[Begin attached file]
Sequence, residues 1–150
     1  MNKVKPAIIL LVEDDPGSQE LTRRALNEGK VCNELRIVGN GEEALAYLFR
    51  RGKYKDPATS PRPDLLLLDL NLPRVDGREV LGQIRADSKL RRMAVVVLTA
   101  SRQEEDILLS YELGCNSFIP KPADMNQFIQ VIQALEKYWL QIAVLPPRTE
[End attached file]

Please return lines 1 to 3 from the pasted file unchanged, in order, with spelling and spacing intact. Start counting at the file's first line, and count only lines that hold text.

Sequence, residues 1–150
     1  MNKVKPAIIL LVEDDPGSQE LTRRALNEGK VCNELRIVGN GEEALAYLFR
    51  RGKYKDPATS PRPDLLLLDL NLPRVDGREV LGQIRADSKL RRMAVVVLTA